A lot of people are now reading this, rolling their eyes or clicking off this page thinking ‘oh, great, here we go again…another mention of the ‘F-Word’.
I’m not here to preach or argue from the point of a feminist, I am going to explain what feminist is, in a fair and literary manner.
Feminism is something close to my heart, not only as a female but as a writer and as a person who is interested in working in an environment filled with women – yet dominated by men.
But let me make myself clear, I am not a man-hating, genderist, one-sided Feminist –large ‘F’.
According to my History tutor, Feminism – large ‘F’ – is the kind that most men and women appear to believe a Feminist is: someone who believes that men are suppressing women in all manner of ways, and in fact hate men altogether (in a nutshell)
feminism – with a small ‘f’ – is someone who believes in advocating the equality of women’s rights in accordance to men’s rights.
No, Women are not better than Men and no,Men are not better than Women. They are equal, just not yet in salaries, sexuality or race.
This does not mean I hate men! I don’t, thank you very much.
The point of today’s, deep yet important, post is to introduce readers to a variety of feminist literature (and a speech) that have an important message or theme.
DISCLAIMER: I know that if a Man were to write a post on a subject like this, claiming that men and women should be equal, they are sometimes penalised. We need more of those men! And, actually, I have no problem with men putting their argument across either – I’m all for masculinists as well –small ‘m’.
by Roxanne Gay
This is a book of essays, but it does not lecture you. Bad Feminist lets you know everything that is wrong with society, from several feminist’s point of view, but it does so with structure and argument that isn’t disagreeable or frustrating. A valid entry into a worldwide debate by several different women.
The Vagina Monologues
by Eve Ensler
The fact that if I were to read this book on a train or on a bus or in the park, would mean getting strange looks from immature children/adults is wrong. A vagina is attached to 50% of the human race – so why is it funny? That being said, if you were to see a book called ‘penis monologues’ around as well there would be the same looks – this is not right! The book itself is hilarious, whilst holding its ground in the feminist debate, it asks questions like: if your vagina could wear clothes what would they be? A strange, yet valid, question.
How to be a Woman
by Caitlin Moran
If you want an honest opinion, if only from one women, on growing up as a girl…look no further. It holds the gritty details with dirty humour. I find Moran’s honesty a little off-putting to be honest, but the message is clear and it is still a good read. The fact that it is off-putting is only frustrating to me as I know that it shouldn’t be, but it is because of society’s rules that suggest vaginas, menstruating, sex and arguing are things to be avoided in conversation in public.
The Handmaid’s Tale
by Margaret Atwood
An feminist book, perhaps unintentionally, but one that stay with you longer than any debate or public protest. This book tells the story of how women are given only a few choices in life – one of them is to become a concubine, a continuous incubator for children. It is a dystopian – very dystopian – ideal of what will happen to women in the future if we do not barter for equality now. The idea that our own bodies will be used as a weapon against us…hmm…leave that thought in your head with how you would dress your vagina.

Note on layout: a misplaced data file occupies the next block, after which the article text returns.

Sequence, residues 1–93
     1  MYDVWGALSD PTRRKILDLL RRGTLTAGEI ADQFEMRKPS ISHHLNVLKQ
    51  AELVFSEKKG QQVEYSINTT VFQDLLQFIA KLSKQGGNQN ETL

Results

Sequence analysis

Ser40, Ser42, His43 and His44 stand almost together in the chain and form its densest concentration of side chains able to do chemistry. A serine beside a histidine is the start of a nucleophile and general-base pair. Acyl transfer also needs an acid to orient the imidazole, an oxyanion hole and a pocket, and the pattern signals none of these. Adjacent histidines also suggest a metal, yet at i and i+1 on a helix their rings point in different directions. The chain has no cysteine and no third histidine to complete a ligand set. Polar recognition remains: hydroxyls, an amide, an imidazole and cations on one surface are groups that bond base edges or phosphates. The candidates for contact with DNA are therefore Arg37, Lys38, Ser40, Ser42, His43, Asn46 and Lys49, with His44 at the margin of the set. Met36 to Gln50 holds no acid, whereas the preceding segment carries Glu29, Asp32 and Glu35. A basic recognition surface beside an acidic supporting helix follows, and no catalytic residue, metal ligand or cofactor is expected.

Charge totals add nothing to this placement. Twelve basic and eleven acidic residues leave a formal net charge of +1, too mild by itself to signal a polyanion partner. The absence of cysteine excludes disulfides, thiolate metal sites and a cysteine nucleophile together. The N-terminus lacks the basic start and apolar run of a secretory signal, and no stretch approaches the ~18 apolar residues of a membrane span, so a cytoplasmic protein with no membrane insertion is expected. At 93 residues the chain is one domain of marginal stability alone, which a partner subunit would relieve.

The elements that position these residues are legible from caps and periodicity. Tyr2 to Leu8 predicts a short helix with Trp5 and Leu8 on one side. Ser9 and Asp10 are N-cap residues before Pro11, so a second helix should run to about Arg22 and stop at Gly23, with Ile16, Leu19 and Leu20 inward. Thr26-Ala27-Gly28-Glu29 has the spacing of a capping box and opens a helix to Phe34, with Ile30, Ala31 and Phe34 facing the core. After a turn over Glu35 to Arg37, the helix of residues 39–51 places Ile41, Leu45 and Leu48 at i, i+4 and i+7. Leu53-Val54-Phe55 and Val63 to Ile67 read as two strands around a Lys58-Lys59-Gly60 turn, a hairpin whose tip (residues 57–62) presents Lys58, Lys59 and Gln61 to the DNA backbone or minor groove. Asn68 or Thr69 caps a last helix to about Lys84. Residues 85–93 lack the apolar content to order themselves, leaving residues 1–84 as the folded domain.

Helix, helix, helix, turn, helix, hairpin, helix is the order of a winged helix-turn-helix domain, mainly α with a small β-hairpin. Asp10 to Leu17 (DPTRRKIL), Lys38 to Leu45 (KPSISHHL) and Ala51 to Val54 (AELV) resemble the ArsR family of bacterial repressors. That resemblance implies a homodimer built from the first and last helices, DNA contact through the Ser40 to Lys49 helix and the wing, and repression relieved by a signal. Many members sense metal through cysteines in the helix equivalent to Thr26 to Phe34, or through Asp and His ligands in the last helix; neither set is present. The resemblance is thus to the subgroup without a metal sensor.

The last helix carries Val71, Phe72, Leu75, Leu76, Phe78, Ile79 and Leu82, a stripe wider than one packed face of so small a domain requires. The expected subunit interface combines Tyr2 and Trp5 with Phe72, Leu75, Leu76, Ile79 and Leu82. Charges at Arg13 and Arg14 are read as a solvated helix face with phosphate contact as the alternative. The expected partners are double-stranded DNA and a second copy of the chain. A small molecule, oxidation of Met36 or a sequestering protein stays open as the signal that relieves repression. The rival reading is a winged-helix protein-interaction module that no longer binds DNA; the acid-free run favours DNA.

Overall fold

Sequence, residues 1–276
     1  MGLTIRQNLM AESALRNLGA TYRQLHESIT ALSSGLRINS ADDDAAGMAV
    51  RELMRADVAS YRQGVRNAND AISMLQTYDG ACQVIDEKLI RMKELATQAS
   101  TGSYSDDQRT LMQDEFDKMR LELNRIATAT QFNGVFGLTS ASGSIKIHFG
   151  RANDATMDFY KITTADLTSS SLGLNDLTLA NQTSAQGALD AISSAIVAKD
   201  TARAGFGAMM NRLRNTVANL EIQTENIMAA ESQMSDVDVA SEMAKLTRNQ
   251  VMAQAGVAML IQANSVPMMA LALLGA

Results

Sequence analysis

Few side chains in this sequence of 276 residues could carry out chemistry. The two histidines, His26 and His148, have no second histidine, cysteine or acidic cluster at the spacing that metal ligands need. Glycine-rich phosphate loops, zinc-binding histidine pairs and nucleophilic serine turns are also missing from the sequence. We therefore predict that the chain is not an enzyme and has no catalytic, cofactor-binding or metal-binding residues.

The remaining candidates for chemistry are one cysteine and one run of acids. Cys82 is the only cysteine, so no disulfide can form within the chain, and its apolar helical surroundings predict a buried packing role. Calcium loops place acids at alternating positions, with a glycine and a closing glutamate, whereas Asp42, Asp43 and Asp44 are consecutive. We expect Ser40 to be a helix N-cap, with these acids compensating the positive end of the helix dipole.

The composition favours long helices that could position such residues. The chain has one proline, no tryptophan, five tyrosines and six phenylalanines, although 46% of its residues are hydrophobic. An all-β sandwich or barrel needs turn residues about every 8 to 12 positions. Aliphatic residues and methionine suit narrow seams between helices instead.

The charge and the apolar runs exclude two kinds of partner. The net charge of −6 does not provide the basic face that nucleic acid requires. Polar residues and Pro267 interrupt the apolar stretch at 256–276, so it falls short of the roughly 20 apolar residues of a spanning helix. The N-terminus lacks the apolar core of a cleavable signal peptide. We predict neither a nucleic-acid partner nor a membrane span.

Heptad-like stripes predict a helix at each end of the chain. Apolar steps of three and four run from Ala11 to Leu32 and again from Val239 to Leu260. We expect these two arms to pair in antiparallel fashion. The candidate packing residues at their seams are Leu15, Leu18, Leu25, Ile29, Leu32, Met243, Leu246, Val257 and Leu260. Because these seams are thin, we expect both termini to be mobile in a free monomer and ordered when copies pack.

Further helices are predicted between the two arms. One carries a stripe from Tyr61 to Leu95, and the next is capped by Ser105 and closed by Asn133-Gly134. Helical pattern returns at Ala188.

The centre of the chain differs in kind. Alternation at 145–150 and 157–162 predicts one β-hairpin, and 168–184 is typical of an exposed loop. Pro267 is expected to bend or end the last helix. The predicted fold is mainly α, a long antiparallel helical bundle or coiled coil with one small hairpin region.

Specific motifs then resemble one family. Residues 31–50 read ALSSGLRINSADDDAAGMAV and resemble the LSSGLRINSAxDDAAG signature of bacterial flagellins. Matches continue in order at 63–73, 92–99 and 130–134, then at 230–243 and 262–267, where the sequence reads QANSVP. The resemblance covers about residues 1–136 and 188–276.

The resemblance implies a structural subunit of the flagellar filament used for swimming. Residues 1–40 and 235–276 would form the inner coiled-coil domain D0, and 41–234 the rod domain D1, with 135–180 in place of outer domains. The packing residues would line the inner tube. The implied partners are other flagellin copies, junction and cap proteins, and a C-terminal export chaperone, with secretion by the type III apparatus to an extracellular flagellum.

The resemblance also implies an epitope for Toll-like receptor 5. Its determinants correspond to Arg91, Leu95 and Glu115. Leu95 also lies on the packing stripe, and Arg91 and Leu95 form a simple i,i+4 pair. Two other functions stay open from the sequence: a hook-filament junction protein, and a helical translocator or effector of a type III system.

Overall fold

Only Ever Yours
by Louise O’Neil
Another piece of fiction, another story of specially bred teenage girls preparing for the life of a concubine, a companion or chastity. Their lives are chosen for them, depending on their skills at becoming pretty. Anyone, seeing a pattern here?
by Kathryn Stockett
This book holds the most sway for me with regards to feminism and race. We see very different types of feminism in this, with wives controlling their husbands as well are owning their own voices. The fact that the loudest voices are Minny and Aibileen, two black maids, is the most poignant and strongest element of the book. They are not afraid to be quiet, even in 60s Mississippi. So why should we be afraid to speak out about equality now?
Meryl Streep went berserk with admiration and feeling, women smiled and applauded like crazy, men clapped and nodded. It was a supported, yet brief, moment and it highlighted something very important within the arts industry.
So much so that newspapers were reporting it several months later with regards to Jennifer Lawrence’s pay in ‘American Hustle’ compared to her male counterparts – when she was the one that won the Oscar for her work in the production…hmm…it’s just unfair
There is a lot of unfairness in the world and it is simply highlighted within books, speeches, academia and research.
I would still applaud and accept any man who chose to argue as a masculinist against or with an argument towards something else with regards to gender equality. There needs to be more than one opinion on the matter, and not from just one gender – the irony that there is only such a thing as a ‘feminist’ and not ‘masculinist’ when ‘feminists’ are fighting for equality.
How are we equal if it is only women, and not men, who argue for or against this argument? After all, there is more than one side to a debate, otherwise it is just preaching.
Equality, sexuality and all these things ending it ‘lity’ that effect our day-to-day reactions and opinions are frustratingly numerous and even though I don’t think they’ll stop in my lifetime or any descendants of mine – if I have any (my body, my rules!) – reading literature is a step in the right direction.
It will at least, I hope, teach people the proper definition of a feminist and remind them that it isn’t the ‘F-Word’ at all.